[lg policy] Re: Accounts of the history of sociolinguistics

Dave Sayers dave.sayers at cantab.net
Thu Aug 6 13:56:25 UTC 2015

Ah... this follow-up has spurred a couple of new responses, delayed due to absence 
from email. Since that might happen more as people drift back and forth from email 
over the summer, and since this list has got pleasingly long since my original email, 
I've made a publicly editable Google document for this growing bibliography: 

If you've not used one of these before, you just click the link and you'll be able to 
type right on to the page, at the same time as everyone else. All updates are saved 
automagically in real time, and you'll always see the 'latest' version. I've set it 
so that you don't need to be signed into Google to edit the document (trading 
accessibility for security, hoping there are no trolls in these rarefied academic 
circles). Enjoy!


Dr. Dave Sayers
Senior Lecturer, Dept Humanities, Sheffield Hallam University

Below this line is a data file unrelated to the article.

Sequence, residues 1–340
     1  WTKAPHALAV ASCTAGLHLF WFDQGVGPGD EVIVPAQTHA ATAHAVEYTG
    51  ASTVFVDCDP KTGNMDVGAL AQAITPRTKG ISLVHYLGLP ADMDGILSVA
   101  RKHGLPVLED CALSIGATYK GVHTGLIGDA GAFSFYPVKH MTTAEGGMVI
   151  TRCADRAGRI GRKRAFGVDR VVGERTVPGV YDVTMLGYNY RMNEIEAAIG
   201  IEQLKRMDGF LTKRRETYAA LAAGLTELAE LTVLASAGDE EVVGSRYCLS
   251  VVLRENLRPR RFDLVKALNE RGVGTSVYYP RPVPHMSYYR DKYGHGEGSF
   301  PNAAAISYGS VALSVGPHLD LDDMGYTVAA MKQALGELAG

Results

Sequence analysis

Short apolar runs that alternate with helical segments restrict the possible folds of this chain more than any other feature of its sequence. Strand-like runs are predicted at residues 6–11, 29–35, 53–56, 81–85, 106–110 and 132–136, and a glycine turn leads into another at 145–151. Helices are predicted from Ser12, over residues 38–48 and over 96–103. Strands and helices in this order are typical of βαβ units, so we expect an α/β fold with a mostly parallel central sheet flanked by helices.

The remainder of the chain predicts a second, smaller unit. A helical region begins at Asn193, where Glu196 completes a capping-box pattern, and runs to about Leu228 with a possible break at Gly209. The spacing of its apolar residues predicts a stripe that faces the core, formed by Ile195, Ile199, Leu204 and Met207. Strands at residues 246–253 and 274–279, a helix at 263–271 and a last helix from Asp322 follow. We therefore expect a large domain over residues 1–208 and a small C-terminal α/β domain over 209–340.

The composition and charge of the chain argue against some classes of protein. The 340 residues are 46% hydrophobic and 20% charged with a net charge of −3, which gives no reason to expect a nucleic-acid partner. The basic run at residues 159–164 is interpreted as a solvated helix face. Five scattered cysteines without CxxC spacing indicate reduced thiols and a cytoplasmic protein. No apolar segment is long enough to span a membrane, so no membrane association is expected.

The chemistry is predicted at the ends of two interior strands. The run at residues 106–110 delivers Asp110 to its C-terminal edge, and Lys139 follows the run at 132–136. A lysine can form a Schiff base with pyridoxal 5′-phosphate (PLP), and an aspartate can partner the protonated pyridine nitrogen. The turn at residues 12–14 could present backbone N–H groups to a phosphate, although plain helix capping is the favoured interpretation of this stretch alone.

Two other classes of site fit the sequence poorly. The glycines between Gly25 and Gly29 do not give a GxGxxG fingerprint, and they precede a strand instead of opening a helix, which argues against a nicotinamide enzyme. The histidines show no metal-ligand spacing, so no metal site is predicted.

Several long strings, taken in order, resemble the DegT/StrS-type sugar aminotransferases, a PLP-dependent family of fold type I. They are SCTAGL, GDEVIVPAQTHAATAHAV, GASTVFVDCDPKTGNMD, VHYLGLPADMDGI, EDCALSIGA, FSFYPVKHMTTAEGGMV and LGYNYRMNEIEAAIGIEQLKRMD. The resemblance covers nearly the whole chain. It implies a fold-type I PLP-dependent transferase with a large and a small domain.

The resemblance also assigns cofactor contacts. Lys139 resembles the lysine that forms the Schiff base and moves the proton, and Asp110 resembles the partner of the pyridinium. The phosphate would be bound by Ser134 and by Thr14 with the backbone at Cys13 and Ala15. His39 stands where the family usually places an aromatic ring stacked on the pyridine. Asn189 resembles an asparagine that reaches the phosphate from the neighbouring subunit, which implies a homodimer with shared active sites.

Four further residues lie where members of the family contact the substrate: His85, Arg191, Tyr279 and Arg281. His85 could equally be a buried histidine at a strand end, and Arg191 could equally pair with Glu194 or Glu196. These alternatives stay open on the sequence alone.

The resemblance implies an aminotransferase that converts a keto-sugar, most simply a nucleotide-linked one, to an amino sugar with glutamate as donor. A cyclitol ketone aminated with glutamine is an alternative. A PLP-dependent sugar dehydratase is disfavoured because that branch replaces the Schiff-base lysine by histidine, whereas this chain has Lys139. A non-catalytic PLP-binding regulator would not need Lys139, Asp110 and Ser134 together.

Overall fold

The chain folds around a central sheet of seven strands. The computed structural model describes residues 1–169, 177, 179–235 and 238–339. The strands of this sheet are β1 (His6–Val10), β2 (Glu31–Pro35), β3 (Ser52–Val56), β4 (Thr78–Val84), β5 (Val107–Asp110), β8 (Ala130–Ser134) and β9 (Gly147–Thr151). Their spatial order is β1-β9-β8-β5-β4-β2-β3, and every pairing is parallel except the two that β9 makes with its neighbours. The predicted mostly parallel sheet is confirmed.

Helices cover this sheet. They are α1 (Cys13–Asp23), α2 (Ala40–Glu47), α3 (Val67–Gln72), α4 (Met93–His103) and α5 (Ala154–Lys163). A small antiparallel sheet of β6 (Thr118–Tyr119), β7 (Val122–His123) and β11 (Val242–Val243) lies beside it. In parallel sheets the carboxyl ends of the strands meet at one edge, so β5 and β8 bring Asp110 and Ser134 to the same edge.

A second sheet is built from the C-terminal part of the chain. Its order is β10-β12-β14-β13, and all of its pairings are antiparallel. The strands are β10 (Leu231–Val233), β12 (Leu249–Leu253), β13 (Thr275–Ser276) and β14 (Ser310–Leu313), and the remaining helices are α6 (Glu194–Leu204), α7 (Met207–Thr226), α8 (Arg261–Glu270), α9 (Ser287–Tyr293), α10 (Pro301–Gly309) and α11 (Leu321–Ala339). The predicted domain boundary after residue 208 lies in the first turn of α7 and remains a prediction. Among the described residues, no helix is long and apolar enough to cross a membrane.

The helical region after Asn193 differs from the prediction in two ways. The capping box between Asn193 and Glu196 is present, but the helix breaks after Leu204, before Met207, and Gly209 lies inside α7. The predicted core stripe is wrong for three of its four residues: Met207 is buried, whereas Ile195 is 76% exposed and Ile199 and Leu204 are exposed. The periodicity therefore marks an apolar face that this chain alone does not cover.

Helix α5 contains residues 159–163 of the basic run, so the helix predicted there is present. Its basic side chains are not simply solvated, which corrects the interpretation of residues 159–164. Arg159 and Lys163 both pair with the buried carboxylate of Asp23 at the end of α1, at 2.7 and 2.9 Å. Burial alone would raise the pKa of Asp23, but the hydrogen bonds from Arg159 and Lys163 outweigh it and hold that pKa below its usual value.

Honorary Research Fellow, Arts & Humanities, Swansea University (2009-2015)
dave.sayers at cantab.net | http://shu.academia.edu/DaveSayers

On 06/08/2015 13:11, Dave Sayers wrote:
> Ok I think the responses to this have now stopped. Long story short: there doesn't
> seem to be quite the book I was after, namely a general history of sociolinguistics.
> Nevertheless, there are lots of interesting books, chapters and articles I didn't
> know about...
> Calvet, Louis-Jean. 1993. La Sociolinguistique. Collection “Que Sais-Je?”. Paris:
> Presses Universitaires de France.
> Cameron, R, and R. Bayley. 2015.. General Introduction: A brief history of the study
> of  language variation and change in Vol. 1: Foundations and Methods. Language